by Wendy Qualls
Series: Heart of the South #3
Also in this series: Worth Waiting For, Worth Searching For
Publisher: Lyrical Shine
Publication Date: August 14, 2018
I received an advance review copy of this book from NetGalley. This does not affect my opinion of the book or the content of my review.My rating:
For two gay men in the Deep South, fighting for love and family can lead to one beautiful, sexy, and unexpected knock out . . .
In college, an “are you sure you’re gay?” experiment with his (female) best friend left Sterling Harper married with a baby on the way. Eleven years later, his life is flipped upside-down—his wife has died, his “little boy” is transitioning to her new life as a girl, Alexa, and his embittered in-laws have proven too transphobic to babysit for the summer like they’d planned. They’re fighting for custody of Alexa, though, so Sterling can’t afford to give them more ammunition. If only there were a nice, conservative, trans-preteen-friendly nanny available on short notice . . .
Jericho Johnston doesn’t do “conservative,” but Alexa takes to him immediately. He’s got a teaching job lined up for the fall, a killer smile, and loads of charisma . . . but he is not going back in the proverbial closet. It doesn’t take long for the two men to go from comrades-in-arms against their rarified community to two men in love. This kicks off the looming custody battle with Sterling’s bigoted in-laws, though, and the idea of two gay men raising a trans daughter isn’t going over well with anyone. Now, with so much to lose, Sterling and Jericho must fight harder than ever—for themselves, for Alexa, and for their future.
Trigger warnings: racism, homophobia, transphobia
I think this could easily have turned into an after school special sort of book. After all, we’ve got a gay black special ed teacher who’s just back from volunteering in Haiti, a closeted widower, and a trans tween girl with autism, all set in a rich, white Southern neighborhood. However, what we end up with instead is a sweet story about both love and family.
“God, was Jericho some kind of sexier, trans-friendly Mary Poppins?”
When widower Sterling has to look for a summer nanny on short notice – thanks to his in-laws’ complete inability to accept that Alexa is trans, including forcibly cutting her hair – he lucks out with a reference for special needs teacher Jericho, newly arrived back in the States after spending a few years volunteering in Haiti. Not only is he amazing with Alexa, he’s also easy on the eyes, though that’s something that firmly-in-the-closet Sterling tries to ignore. As the summer progresses, though, and they find themselves acting more like a family than a nanny and his employer, both Jericho and Sterling must decide whether what they have has to end with the summer, or whether they’re willing to fight for their new love.
“You’re the best daughter a dad could ever hope for,” Sterling said, and pressed a kiss to the top of her head as soon as she held still long enough. “I’m happy for you to feel pretty, Pup, but no matter what you look like you’ll still be you. And I love you more than I can ever say.”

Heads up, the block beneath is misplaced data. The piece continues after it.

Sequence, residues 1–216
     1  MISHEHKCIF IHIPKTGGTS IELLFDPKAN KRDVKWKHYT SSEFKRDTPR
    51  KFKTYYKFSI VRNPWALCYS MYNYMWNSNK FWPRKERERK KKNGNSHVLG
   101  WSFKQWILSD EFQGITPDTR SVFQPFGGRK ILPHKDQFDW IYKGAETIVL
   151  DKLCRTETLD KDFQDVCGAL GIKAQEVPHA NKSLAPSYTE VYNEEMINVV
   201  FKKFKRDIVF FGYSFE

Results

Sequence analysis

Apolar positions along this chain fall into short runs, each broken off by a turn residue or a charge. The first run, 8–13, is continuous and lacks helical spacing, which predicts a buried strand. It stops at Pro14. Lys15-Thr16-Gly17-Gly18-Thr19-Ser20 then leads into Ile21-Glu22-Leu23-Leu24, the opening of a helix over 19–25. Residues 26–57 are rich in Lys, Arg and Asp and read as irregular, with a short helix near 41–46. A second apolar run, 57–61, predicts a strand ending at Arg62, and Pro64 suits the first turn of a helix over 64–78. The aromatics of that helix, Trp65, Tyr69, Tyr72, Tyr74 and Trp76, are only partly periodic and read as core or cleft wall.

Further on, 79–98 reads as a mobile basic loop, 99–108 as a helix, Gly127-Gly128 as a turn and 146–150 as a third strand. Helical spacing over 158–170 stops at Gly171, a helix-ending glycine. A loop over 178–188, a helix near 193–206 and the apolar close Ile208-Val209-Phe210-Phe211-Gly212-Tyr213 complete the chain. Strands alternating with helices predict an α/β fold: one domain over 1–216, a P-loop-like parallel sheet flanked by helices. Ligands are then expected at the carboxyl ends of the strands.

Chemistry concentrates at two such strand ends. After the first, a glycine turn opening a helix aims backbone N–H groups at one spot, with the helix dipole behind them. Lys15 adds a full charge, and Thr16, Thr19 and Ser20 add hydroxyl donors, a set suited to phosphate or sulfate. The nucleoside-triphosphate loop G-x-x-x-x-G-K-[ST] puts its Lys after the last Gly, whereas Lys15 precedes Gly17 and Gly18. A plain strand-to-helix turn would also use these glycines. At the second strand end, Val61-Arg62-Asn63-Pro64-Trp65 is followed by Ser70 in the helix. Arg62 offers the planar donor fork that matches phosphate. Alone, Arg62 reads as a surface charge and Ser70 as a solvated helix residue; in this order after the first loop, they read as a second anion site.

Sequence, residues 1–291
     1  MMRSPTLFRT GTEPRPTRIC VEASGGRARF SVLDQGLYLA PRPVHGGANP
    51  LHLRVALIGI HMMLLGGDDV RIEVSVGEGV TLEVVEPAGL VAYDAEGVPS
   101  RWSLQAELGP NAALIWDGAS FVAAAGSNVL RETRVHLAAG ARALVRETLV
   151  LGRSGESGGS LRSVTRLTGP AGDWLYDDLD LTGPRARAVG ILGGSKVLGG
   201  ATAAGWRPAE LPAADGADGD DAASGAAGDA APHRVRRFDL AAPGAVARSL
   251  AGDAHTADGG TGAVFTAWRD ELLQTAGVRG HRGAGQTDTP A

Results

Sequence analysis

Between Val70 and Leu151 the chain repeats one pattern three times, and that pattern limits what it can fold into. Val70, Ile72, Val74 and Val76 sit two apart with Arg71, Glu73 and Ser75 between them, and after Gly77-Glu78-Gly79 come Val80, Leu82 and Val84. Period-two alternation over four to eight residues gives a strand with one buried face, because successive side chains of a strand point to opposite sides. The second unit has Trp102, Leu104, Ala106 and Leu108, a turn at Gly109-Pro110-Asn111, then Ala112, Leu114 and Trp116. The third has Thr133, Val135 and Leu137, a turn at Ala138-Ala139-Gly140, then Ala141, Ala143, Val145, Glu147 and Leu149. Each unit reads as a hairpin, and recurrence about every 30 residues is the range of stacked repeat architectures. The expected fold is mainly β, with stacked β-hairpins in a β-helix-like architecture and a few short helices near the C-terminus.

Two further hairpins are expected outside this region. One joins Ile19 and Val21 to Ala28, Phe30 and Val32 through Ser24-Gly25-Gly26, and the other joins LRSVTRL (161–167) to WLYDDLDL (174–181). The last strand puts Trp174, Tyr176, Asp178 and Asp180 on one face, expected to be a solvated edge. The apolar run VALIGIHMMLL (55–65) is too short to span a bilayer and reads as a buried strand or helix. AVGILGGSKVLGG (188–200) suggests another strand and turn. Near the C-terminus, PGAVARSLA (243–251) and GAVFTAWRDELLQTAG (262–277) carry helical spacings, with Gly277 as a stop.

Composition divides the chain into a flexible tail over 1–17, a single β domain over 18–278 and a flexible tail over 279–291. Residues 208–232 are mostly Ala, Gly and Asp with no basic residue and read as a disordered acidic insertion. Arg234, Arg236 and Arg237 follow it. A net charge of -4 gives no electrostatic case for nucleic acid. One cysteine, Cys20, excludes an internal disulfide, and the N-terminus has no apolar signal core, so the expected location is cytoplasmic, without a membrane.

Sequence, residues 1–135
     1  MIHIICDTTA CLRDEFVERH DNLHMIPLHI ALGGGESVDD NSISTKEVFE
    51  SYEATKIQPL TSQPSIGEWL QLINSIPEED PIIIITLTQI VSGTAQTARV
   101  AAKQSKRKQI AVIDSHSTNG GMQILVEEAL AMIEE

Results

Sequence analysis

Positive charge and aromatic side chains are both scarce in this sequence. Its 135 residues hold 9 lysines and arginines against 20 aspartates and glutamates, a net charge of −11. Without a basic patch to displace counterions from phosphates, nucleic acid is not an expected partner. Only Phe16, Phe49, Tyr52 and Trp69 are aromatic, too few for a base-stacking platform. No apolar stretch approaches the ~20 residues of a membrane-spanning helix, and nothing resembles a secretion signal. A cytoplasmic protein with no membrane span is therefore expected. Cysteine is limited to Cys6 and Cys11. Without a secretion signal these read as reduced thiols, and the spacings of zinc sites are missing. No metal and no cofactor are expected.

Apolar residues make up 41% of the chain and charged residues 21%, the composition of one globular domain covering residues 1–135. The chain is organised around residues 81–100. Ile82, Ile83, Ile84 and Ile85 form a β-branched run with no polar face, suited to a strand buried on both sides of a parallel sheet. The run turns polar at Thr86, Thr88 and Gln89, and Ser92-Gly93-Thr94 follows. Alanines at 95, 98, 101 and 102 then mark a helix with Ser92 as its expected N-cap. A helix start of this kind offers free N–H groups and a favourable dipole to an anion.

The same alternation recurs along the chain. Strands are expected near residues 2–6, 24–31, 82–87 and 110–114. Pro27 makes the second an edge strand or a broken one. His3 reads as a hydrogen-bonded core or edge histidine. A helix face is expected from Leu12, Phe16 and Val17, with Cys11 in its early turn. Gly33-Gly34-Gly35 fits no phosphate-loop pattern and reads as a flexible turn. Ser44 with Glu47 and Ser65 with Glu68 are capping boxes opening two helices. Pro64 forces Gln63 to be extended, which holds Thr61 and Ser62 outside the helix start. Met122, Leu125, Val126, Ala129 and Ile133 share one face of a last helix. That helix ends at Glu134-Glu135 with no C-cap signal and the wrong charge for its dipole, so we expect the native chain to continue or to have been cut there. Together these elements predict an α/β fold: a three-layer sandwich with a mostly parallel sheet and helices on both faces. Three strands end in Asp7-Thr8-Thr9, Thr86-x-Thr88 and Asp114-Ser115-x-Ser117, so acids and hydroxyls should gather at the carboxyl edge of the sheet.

I will be the first to admit that I don’t have a ton of experience with trans people, especially trans kids, but it felt like everything was handled with sensitivity. Sterling was, in some ways, the poster dad for how to handle a trans kid, and Jericho seemed perfectly placed with ties to the community to help both him and Alexa. At times she did seem too mature for her age, but I’ve found that to be true with some kids on the spectrum. Alexa hesitated to tell her dad just how badly the kids at school were treating her – just how badly her grandparents were treating her – out of not wanting to burden him anymore. Where Sterling failed, though, Jericho was there to fill in the gaps. One of the sweet things about them as a couple was how well they complemented each other, plus their romance was absolutely adorable. Yes, there’s lots of chemistry and it’s plenty steamy, but the moments that stuck with me are the adorable ones – for instance, them holding hands during sex. Even as their romance progressed, though, they both understood why Sterling wanted to keep it secret, and why it couldn’t continue past the summer.
“You’re the upstanding, heterosexual widower, who doesn’t date anyone and devotes himself to his child and…I don’t know. Learns knitting, maybe. Bonsai. Spends every day pining over your late wife’s memory. You’re worried that if you stop pretending, someone’s going to see that you aren’t actually the dad equivalent of June Cleaver, and it’s all going to come crashing down.”
My biggest pet peeve with the book was that the grandparents were just so stereotypically bad people. While care was taken to point out that their bigotry was not religiously motivated – they’re the kind of people who attend church more because it’s simply what the right sort of people do rather than out of any sort of actual faith – they’re not only blatantly transphobic but also racist and homophobic, going as far as to basically accuse Jericho of being a pedophile. Honestly, I would’ve preferred if they’d been a bit more gray morally – if they’d been portrayed as people who deeply loved Alexa but just struggled with ingrained prejudices and truly thought they were doing what was right for their grandkid. As it was, we’re left more with the sense that the only reason they had any relationship with her was because it was the thing to do. A more minor quibble was that the “black moment” happened so late in the book that there was very little time left to resolve both it and the big custody battle.
Overall, this was such a lovely, inclusive romance, and I will definitely be looking forward to Ms. Qualls’ next book!